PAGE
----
Eye For Film >> Movies >> The ABCs Of Death (2012) Film Review
The ABCs Of Death
Reviewed by: Owen Van Spall
Promoted as a ”26-chapter anthology that showcases death in all its vicious wonder and brutal beauty”, ABC's of Death is a collection of one death-dealing horror mini film per letter of the alphabet rolled up into 123 minutes. A different director was assigned a letter. The directors were then given free reign in choosing a word based on that letter, and tying the film around that word.
Portmanteau concept horror films are nothing new and recent releases like V/H/S and its sequel have shown there is plenty of demand for this sub-genre, though throwing together a mix of directors always risks the resulting piece feeling uneven to viewers. So how does ABCs of Death fare, given this film is aiming for some kind of record in terms of different directors crammed into the same film? V/H/S is credited on IMDB with ten directors across six story arcs, ABC has a stonking 26 in comparison. That only leaves roughly four minutes for each director - very few minutes with which to make an impact. Each director has been set a Lars Von Trier-esque “obstruction”, so the challenge of limited time and narrow concept is supposed to be part of the appeal.
To bring out the criticism that a compendium horror film risks being a mixed bag given 'too many cooks' syndrome seems almost trite , and yet...ABCs of death is, indeed, a mixed bag. With each director having only four minutes there is really little time for the viewer to get engrossed in the material, barring some kind of sharp shock, superb central twist, gag or sharp social commentary, and some of writers and directors struggle with the restrictions. In fact, some of the more fun shorts actually get a little meta and make this frustration the basis of the film - such as Adam Wingard and Simon Barrett's Q Is For Quack, in which out of desperation, the writing duo decide to annihilate a duck on screen in order to bypass writers' block and fulfill their obligations to the ABC's concept.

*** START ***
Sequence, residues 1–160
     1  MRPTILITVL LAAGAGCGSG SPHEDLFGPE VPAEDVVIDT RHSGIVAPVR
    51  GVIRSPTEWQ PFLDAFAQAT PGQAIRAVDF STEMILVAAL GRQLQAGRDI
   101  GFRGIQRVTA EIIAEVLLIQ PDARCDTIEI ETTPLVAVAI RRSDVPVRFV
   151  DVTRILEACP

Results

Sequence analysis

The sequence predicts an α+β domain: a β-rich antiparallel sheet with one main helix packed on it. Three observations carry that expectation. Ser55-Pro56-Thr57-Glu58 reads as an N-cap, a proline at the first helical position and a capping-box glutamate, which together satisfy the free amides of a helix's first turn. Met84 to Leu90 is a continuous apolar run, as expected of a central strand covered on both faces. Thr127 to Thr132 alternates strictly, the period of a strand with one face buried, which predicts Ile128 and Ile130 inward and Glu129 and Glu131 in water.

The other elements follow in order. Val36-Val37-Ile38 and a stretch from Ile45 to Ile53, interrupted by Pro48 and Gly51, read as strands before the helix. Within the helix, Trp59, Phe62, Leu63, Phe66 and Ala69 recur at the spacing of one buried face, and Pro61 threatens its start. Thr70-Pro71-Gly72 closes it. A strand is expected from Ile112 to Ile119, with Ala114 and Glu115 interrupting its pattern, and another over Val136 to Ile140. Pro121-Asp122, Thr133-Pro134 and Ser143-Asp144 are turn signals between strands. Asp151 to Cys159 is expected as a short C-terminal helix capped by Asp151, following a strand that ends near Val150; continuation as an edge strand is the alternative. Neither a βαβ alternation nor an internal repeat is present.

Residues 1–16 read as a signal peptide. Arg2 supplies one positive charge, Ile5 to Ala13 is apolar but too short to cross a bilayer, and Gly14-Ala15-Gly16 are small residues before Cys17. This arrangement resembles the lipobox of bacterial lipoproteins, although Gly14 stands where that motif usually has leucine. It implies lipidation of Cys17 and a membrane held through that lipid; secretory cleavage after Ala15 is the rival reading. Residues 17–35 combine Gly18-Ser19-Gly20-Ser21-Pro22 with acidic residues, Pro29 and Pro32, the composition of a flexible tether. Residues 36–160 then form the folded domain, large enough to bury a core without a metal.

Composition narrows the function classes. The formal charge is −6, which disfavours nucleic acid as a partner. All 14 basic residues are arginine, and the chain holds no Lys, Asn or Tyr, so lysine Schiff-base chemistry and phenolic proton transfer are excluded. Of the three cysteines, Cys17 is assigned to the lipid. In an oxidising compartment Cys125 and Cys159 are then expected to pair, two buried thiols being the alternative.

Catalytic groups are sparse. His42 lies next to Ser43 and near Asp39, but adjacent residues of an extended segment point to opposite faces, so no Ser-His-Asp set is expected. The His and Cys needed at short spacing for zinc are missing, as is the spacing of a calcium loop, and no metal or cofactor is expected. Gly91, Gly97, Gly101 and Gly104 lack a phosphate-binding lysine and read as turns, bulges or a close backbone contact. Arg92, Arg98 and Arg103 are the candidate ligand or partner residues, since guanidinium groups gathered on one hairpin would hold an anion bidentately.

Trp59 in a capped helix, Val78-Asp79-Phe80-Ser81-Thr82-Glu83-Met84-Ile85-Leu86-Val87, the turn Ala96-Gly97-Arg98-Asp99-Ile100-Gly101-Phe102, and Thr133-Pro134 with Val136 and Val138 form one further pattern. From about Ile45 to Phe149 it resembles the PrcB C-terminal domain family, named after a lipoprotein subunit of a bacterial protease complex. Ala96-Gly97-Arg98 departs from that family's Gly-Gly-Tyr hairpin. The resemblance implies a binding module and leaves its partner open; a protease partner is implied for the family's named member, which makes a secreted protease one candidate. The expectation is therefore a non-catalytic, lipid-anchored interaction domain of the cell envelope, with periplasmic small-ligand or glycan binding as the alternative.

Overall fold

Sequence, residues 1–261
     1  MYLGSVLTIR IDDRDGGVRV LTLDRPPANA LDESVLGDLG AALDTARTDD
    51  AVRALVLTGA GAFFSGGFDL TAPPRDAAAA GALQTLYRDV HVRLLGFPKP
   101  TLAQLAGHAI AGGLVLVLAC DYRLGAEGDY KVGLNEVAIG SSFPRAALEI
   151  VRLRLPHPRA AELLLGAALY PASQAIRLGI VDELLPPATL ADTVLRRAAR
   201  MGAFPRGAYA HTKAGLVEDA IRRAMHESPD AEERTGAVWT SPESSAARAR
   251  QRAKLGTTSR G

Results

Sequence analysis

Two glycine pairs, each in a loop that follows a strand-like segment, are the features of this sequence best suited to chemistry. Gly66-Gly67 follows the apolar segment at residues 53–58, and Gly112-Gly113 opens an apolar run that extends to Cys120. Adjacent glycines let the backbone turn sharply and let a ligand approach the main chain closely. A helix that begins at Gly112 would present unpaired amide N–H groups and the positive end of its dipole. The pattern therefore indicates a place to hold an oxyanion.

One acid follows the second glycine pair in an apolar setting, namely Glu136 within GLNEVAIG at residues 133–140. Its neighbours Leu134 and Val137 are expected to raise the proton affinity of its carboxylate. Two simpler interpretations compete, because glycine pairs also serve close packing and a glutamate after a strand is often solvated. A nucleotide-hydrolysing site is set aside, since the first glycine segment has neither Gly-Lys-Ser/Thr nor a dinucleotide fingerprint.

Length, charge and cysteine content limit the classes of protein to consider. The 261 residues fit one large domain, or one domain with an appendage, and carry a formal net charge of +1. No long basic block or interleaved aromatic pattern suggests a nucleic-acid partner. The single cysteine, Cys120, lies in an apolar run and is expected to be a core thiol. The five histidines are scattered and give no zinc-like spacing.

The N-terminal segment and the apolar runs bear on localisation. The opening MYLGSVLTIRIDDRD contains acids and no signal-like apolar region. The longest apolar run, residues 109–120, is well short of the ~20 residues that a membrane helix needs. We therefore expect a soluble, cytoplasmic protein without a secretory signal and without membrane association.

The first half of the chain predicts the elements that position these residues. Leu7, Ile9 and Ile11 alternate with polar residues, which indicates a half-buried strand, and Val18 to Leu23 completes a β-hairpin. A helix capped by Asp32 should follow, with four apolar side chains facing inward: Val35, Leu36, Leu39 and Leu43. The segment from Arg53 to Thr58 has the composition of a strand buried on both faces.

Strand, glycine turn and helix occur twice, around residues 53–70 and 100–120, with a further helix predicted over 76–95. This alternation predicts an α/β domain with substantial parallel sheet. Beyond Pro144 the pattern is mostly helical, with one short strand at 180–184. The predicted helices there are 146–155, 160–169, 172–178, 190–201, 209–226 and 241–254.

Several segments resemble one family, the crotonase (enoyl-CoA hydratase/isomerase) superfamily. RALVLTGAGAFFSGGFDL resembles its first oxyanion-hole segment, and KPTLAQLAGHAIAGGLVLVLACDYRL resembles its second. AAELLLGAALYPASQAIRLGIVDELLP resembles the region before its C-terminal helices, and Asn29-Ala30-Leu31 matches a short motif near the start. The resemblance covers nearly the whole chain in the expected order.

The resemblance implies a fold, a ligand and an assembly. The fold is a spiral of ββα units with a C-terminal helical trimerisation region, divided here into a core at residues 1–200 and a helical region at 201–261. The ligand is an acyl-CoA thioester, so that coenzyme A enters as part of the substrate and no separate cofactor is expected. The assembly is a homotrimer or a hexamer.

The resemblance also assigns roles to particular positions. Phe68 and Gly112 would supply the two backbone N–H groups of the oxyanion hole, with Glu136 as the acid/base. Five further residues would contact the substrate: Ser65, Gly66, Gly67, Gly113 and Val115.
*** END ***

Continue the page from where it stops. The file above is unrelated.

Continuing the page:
There are at least a variety of aesthetic choices on display. D Is For Dogfight from director Marcel Sarmiento is shot entirely in dreamy slo-mo like a music video, whereas toilet terror shorts T is for Toilet, from Lee Hardcastle, and K Is For Klutz from Anders Morgenthaler use hand-drawn animation and claymation respectively. Kaare Andrews' V Is For Vagitus is one of the more technically accomplished of the pack, with a high-tech CGI-assisted dystopian future setting redolent of Ghost In The Shell and Vexille.
Some shorts have a genuinely funny concept at the core that works just right for four minutes, N Is For Nuptials, from director Banjong Pisanthanakun, shows a cheating fiancee rumbled by the ultimate gift nightmare - a parrot pet that has a nasty habit of relating his sexual escapades to his bride to be.
The concept is perhaps best exploited by director Xavier Gens, whose X Is For XXL merges body horror (imagine the most extreme four-minute diet plan via the handy use of knives and electric saws) with contemporary discourse about the pressures on women to maintain a impossibly thin figure.
For those who want an absolute mind job, steer yourself towards the contributions from Japan's enfant terrible Noboru Iguchi F Is For Fart - inhaling her teacher's farts save a student from the apocalypse - and Yoshiro Nishimura's Z Is For Zetsumetsu - an absurd nuclear-tinged satire with a Dr Strangelove lookalike, rubbish effects and props, and Naziploitation/sexploitation trappings. Japan's contributions are definitely on the wackier side in this compilation and are virtually impossible to describe in this review.
The directors/writers by segment:
A Is For Apocalypse - Nacho Vigalondo
B Is For Bigfoot - Adrián García Bogliano
C Is For Cycle - Ernesto Díaz Espinoza
D Is For Dogfight - Marcel Sarmiento
E Is For Exterminate - Angela Bettis
F Is For Fart - Noboru Iguchi
G Is For Gravity - Andrew Traucki
H Is For Hyrdo-Electric Diffusion - Thomas Cappelen Mallin
I Is For Ingrown - Jorge Michel Grau
J Is For Jidai-geki - Yûdai Yamaguchi
K Is For Klutz - Anders Morgenthaler
L Is For Libido - Timo Tjahjanto
M Is For Miscarriage - Ti West
N Is For Nuptials - Banjong Pisanthanakun
O Is For Orgasm - Hélène Cattet, Bruno Forzani
P Is For Pressure - Simon Rumley
Q Is For Quack - Adam Wingard, Simon Barrett
R Is For Removed - Srdjan Spasojevic
S Is For Speed - Jake West
T Is For Toilet - Lee Hardcastle
U Is For Unearthed - Ben Wheatley
V Is For Vagitus - Kaare Andrews
W Is For WTF? - Jon Schnepp
X Is For XXL - Xavier Gens
Y Is For Youngbuck - Jason Eisener
Z Is For Zetsumetsu - Yoshihiro Nishimura